Using stocks, it is easy to find graphs that show that
different representations of similar data can be used to illustrate
I did this with Microsoft (MSFT). Using the web page
I changed the range to choose two different time frames that
showed conflicting information.
This first graph is a stock performance graph of MSFT from January 2000 until September 27, 2002. It shows MSFT decreasing from 120 to 46. The top part of the graph shows the price of the stock, while the bottom shows the volume or number of shares bought or sold each day. While there were fluctuations in the stock value, this graph shows that MSFT decreases with time.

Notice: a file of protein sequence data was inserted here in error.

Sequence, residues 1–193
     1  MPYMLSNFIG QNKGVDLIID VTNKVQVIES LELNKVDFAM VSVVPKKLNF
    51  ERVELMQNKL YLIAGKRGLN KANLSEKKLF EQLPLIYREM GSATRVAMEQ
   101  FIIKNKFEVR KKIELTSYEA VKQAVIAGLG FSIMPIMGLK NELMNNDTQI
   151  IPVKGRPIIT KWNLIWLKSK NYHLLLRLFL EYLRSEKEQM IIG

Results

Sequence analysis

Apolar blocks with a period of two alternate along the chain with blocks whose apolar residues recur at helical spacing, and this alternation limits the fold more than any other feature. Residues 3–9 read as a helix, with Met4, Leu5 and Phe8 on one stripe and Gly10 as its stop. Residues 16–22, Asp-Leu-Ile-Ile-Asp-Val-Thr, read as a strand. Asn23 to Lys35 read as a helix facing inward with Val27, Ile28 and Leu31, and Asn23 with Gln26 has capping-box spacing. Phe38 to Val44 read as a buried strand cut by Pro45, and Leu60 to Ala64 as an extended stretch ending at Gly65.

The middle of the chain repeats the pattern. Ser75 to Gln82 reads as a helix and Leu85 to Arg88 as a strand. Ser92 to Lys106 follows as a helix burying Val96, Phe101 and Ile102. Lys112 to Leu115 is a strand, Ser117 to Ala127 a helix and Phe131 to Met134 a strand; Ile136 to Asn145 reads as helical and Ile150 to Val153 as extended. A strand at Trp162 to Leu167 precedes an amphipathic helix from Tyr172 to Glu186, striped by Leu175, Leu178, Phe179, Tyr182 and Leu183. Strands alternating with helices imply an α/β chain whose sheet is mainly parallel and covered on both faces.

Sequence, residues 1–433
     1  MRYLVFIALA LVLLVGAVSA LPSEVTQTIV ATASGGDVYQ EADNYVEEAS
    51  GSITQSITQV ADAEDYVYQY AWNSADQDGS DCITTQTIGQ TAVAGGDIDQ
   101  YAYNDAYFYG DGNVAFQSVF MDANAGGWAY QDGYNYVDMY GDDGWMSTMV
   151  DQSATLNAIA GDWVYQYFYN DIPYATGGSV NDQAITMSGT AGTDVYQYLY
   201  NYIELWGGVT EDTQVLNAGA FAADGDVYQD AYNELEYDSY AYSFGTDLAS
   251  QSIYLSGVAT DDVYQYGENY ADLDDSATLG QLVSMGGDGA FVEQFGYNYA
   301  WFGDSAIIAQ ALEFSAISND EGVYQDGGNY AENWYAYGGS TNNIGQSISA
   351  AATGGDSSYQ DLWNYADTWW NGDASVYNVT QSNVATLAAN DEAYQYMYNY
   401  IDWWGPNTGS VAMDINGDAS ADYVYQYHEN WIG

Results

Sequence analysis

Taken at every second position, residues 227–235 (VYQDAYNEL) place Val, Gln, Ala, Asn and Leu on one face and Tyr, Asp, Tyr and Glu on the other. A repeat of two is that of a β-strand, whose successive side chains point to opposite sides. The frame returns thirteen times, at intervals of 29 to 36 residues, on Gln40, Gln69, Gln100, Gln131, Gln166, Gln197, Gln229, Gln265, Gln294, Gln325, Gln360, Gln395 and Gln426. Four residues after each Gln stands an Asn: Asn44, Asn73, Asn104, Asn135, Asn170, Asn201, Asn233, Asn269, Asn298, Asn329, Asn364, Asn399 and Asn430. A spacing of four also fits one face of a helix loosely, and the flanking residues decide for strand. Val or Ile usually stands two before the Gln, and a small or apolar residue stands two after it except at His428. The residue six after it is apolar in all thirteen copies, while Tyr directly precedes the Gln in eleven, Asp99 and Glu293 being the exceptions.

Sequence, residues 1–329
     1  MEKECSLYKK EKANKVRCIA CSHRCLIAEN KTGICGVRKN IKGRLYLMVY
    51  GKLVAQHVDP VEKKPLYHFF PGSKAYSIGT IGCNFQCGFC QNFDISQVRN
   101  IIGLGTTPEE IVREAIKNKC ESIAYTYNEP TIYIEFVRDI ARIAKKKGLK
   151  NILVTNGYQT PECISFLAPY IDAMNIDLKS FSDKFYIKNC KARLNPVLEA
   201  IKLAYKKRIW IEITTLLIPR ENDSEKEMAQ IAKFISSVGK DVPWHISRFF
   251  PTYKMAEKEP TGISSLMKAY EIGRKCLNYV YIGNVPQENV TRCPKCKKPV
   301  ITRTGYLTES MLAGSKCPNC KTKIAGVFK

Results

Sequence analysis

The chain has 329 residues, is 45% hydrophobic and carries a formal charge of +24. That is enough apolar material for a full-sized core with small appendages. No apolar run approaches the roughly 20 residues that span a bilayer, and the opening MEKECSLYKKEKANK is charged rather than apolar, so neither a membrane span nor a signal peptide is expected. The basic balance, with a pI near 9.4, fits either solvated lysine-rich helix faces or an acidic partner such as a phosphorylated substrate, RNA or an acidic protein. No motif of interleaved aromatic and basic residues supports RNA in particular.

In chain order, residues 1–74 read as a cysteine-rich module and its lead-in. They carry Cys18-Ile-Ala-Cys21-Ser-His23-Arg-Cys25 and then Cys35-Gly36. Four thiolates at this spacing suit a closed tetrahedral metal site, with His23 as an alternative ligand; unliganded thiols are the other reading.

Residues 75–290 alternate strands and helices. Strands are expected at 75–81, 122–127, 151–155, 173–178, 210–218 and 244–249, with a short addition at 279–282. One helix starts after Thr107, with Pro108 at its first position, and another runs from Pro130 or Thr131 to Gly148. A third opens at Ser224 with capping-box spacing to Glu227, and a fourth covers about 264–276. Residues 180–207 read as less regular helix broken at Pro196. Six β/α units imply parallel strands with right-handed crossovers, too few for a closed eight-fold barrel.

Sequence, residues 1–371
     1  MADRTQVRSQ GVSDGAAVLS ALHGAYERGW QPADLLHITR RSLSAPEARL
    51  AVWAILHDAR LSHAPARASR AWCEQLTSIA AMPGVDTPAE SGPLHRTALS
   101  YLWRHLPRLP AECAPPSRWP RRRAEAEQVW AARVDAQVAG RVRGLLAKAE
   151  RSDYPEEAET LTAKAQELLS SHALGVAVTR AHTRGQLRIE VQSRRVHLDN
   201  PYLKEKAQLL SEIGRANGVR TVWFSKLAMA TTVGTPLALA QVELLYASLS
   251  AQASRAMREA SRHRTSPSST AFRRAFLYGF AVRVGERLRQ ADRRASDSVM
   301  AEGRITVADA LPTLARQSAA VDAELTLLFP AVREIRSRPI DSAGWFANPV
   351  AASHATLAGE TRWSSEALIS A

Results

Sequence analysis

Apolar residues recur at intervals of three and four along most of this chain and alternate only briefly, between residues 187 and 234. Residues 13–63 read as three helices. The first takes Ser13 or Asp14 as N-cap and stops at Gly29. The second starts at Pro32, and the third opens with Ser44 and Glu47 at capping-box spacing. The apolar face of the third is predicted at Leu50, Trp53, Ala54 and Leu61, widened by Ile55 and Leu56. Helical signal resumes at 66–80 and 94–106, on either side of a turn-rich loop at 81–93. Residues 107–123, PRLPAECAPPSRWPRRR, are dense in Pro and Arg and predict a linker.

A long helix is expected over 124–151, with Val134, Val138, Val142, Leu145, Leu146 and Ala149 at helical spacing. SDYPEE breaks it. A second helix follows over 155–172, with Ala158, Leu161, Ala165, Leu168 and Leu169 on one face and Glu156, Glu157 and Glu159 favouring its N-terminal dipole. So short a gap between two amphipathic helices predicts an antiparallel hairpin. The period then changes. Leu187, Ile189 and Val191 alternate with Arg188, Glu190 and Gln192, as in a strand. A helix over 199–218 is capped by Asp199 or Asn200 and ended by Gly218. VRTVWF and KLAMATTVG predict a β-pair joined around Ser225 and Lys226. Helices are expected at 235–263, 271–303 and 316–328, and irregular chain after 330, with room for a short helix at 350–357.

On the other hand, the following is a stock performance graph of MSFT from when the data for MSFT was first available (in 1986) until September 27, 2002. This graph shows that MSFT started at about 0 and finished at 50. This graph shows MSFT increasing over time.
We have shown that different representations of similar data can be used to illustrate conflicting viewpoints. Using the first graph, we see that MSFT decreased in value over time, while the second graph shows a different story of MSFT increasing in value over time. When looking at data, both longterm and shortterm viewpoints must be considered for an accurate representation.